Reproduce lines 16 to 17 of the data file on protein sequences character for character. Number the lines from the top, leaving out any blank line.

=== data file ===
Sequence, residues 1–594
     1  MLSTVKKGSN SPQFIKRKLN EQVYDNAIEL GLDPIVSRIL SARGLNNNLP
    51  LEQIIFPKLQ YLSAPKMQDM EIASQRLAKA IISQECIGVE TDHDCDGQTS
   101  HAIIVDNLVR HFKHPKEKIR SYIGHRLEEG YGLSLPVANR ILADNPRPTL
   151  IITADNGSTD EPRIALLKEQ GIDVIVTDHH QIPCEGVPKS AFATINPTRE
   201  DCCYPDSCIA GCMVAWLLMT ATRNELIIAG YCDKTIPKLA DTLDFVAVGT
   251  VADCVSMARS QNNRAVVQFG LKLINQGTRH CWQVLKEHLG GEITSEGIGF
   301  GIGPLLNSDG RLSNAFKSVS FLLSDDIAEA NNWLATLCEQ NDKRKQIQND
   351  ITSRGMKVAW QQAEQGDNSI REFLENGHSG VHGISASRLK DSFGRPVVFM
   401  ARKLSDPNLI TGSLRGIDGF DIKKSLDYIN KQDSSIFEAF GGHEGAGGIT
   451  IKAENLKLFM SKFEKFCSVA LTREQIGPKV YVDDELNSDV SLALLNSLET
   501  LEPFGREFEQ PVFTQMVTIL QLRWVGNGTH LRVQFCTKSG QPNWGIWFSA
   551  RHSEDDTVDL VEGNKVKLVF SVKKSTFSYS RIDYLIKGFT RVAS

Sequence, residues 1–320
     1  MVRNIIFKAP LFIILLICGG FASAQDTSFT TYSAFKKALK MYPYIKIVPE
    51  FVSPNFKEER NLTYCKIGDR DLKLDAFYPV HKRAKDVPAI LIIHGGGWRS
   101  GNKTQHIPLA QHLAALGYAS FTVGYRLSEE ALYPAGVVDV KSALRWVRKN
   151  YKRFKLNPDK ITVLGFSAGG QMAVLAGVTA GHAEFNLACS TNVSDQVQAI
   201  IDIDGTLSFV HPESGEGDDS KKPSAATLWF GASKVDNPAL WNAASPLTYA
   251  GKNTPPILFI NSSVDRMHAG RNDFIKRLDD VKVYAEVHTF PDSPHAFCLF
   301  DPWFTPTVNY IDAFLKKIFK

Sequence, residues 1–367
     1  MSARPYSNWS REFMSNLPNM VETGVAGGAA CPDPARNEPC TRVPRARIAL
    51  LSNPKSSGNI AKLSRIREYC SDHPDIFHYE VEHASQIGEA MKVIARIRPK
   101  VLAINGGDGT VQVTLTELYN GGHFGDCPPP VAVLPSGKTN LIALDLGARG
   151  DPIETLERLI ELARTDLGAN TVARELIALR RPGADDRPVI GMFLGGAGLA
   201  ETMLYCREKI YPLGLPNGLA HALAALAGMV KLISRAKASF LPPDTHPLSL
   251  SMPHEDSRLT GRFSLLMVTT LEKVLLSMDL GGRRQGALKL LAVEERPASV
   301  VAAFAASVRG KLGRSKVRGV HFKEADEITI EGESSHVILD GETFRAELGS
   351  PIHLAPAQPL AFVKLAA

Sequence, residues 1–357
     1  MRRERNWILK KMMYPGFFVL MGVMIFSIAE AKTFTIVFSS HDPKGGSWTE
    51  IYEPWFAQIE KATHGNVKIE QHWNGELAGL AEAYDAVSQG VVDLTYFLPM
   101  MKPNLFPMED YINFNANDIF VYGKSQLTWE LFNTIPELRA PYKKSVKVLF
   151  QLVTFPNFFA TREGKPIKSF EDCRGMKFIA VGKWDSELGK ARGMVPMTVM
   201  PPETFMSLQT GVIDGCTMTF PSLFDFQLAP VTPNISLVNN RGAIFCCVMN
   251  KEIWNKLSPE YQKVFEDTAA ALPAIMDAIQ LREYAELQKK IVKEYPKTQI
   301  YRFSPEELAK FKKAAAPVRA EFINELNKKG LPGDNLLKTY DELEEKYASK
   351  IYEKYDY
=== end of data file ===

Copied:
    51  FVSPNFKEER NLTYCKIGDR DLKLDAFYPV HKRAKDVPAI LIIHGGGWRS
   101  GNKTQHIPLA QHLAALGYAS FTVGYRLSEE ALYPAGVVDV KSALRWVRKN